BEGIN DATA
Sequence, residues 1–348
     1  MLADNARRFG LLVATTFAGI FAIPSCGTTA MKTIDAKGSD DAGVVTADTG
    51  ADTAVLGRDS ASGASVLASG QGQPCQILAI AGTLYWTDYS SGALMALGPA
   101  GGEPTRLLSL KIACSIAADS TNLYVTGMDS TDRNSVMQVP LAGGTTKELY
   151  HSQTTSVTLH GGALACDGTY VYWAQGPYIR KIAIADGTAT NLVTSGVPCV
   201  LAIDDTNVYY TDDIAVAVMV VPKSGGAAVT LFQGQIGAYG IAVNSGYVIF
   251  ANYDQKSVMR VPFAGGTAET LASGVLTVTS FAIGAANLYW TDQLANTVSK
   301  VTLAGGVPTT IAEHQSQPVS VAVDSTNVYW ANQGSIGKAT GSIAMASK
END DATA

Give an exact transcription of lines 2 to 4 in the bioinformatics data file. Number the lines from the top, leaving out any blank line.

     1  MLADNARRFG LLVATTFAGI FAIPSCGTTA MKTIDAKGSD DAGVVTADTG
    51  ADTAVLGRDS ASGASVLASG QGQPCQILAI AGTLYWTDYS SGALMALGPA
   101  GGEPTRLLSL KIACSIAADS TNLYVTGMDS TDRNSVMQVP LAGGTTKELY